How many of you got into PHP coding because of WordPress?
– Matt Mullenweg
Me and roughly half the room of 200+ attendees raised their hand to that question. That’s pretty incredible mused Matt. He asked that question while answering the larger question asked by 9th grader Lucas Cherkewski which was “How can WordPress be used in an education context to learn coding?”
I have been involved with WordPress for over half its 10 year existence and while I have gone from simple attendee to volunteer to community organizer over that time. I have always been a bit of the crazy one in terms of trying to help the community code better and learn about more advanced programming topics. That’s because I have been coding since I am 7-8 years old so while I learned PHP through WordPress. I had done plenty of programming before then.
Plugin development is like high school
When I was coding in high school, I couldn’t even do something as cool as a WordPress plugin. The web was just starting. I was mostly coding in Basic doing silly things like a text-based RPGs. So I think it’s amazing that someone can solve small problems with a plugin and share it with the world!
For a lot of people, that’s enough. They can solve small problems without knowing a lot of advanced programming concepts. They don’t need to graduate to college level concepts. WordPress has a lot of great APIs that are easy to use and require no advance programming knowledge.
How do you graduate to college level coding?
I did a WordPress meetup on object-oriented PHP recently and I can’t say that I am the best of teachers and a lot of the utility and reason to use object-oriented programming was lost on most because WordPress doesn’t use a lot of objects yet due to its recent PHP4 heritage.
How do I get better at PHP coding?
I don’t get asked that question a lot, but, a few months ago, Michal Bluma asked me how I got into more advanced PHP coding. I told him definitely not with WordPress. I told him I had done a lot of learning looking at the code base Doctrine1, but version1 of Doctrine is mostly discontinued and Doctrine2 is a different beast entirely.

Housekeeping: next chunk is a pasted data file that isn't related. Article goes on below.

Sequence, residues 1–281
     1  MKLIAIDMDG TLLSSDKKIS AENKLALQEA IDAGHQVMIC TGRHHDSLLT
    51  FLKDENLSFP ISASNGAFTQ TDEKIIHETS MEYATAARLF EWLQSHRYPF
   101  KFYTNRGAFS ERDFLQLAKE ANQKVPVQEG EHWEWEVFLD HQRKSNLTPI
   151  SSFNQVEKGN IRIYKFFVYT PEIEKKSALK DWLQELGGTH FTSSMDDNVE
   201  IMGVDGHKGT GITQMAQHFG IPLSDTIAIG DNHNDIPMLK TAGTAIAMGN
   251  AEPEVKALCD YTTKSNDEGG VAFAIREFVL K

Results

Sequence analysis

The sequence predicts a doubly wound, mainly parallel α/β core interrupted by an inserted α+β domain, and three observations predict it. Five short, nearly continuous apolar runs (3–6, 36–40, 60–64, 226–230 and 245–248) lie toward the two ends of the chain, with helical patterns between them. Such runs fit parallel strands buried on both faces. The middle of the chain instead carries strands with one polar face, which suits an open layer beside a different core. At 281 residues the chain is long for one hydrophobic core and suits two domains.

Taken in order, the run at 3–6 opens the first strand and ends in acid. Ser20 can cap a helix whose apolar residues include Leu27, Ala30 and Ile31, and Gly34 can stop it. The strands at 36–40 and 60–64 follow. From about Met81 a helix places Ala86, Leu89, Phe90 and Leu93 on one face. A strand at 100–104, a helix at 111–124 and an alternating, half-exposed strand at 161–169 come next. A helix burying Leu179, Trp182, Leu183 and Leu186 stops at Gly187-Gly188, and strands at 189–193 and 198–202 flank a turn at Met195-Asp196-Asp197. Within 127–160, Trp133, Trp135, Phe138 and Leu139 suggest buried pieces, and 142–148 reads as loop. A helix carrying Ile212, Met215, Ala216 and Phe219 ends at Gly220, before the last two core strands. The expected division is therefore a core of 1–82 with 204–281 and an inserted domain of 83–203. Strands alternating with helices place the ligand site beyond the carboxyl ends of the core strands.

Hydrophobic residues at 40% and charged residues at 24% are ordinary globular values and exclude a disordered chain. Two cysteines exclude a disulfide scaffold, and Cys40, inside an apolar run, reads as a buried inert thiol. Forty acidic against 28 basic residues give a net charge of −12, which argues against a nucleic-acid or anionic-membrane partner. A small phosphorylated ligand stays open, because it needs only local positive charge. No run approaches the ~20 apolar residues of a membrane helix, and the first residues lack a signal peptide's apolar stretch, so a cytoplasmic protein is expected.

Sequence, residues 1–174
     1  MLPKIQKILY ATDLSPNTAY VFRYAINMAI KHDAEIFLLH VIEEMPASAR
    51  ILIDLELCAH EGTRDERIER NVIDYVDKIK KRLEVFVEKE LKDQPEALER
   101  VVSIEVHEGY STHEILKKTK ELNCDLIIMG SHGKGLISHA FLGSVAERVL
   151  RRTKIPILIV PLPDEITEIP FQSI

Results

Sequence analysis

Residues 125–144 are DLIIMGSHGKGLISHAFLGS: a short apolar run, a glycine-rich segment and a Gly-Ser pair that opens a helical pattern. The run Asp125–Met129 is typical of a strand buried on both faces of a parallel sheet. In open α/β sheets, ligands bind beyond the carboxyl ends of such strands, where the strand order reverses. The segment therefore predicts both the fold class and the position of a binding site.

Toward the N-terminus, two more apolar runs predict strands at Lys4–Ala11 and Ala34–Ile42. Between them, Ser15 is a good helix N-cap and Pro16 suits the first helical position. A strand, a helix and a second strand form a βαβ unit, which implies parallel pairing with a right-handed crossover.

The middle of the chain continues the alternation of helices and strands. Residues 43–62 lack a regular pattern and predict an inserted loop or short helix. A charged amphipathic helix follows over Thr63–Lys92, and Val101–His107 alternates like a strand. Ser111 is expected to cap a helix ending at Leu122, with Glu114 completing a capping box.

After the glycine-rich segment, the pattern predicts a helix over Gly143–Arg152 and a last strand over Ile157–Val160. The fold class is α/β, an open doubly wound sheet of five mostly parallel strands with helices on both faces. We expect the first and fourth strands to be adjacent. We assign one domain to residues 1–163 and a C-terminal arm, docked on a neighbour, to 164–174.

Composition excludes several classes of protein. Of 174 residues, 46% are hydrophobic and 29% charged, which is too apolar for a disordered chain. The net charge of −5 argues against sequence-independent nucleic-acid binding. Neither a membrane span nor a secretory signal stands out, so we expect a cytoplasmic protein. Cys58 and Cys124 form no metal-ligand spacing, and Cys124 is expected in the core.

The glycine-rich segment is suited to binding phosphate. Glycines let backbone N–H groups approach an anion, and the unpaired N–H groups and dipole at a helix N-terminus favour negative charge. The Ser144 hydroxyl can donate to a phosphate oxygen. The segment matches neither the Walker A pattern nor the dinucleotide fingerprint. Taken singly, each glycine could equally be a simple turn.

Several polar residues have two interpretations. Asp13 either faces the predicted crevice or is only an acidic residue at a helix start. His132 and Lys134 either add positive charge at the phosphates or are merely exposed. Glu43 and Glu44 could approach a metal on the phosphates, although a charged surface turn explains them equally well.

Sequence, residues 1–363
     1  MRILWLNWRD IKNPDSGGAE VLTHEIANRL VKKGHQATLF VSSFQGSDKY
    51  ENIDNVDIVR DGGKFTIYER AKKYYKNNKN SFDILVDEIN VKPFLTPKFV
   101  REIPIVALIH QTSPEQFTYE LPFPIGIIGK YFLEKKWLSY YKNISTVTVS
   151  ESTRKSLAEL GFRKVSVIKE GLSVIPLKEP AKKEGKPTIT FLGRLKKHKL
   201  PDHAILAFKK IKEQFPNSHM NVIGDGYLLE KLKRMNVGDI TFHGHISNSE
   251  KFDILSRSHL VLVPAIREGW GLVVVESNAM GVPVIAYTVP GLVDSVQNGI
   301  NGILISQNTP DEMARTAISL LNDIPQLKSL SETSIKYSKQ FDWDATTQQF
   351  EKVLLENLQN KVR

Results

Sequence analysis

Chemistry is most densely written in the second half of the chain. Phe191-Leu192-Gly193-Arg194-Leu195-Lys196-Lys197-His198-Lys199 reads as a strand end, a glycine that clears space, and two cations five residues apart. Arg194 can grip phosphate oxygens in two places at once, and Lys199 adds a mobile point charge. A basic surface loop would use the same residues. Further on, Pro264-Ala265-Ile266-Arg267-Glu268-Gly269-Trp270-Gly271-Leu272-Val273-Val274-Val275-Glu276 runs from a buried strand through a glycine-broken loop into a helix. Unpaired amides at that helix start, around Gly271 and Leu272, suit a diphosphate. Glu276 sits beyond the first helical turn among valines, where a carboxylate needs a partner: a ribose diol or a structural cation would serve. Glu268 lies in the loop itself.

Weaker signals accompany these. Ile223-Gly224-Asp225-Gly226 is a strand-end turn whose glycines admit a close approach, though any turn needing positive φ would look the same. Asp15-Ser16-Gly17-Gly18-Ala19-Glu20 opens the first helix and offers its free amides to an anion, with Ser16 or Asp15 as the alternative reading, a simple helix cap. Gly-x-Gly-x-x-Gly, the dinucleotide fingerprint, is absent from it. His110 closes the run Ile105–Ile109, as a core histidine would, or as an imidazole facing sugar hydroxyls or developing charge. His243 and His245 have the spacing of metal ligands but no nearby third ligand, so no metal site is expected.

I told him take a look at Symfony, but that’s akin to someone going from high school to college graduate. The knowledge gap is HUGE. The same would be said about Doctrine2, Zend Framework, etc.
Fundamentally, there’s no way easy way for a WordPress developer close the gap.
WordPress core is an ideal candidate for this
WordPress core would be a great place for people to get a taste for advanced programming knowledge. What’s great is that all the APIs already hide most of the internals so, if someone is looking at the core code, it’s because they want to look at it. There’s an opportunity here to allow them to become better coders! Unfortunately, that opportunity is currently wasted.
Core needs stronger coding standard
I am not talking about syntax here, but actual code quality. Core devs need to raise the bar a bit more. I am not talking about super advanced things like Reflection objects or metadata objects, but just better knowledge and use of object-oriented principles. Learning how to do object-oriented programming is really the next step if you want to learn more.
As an example, last night I submitted a ticket to core about the use of final with the WP_Post class. In my opinion, that should have never made it to core in the first place and shows a fundamental misunderstanding of object-oriented coding especially in an open source environment.
What needs to change
Honestly, it would be good if WordPress core at least used some PHP object-oriented best practices. Here are things that would be great for people looking to learn a bit more about being better PHP programmers:
- Using interfaces where it makes sense to do so like with WP_Widget and WP_Post for example.
- Severely limit the use of magic methods especially __get and __set
- Exception handling instead of the white screen of death
- Proper variable visibility
- More abstract classes
This is just to name a few. You can find some of these in the code base already, but new code is still being committed where these basic rules are disregarded which is really the point I am trying to get across.
As a core dev, you should be holding yourself up to higher standards because you are indirectly a teacher for thousands of fledgling PHP developpers.
Feel free to leave a comment below or discuss on Hacker News.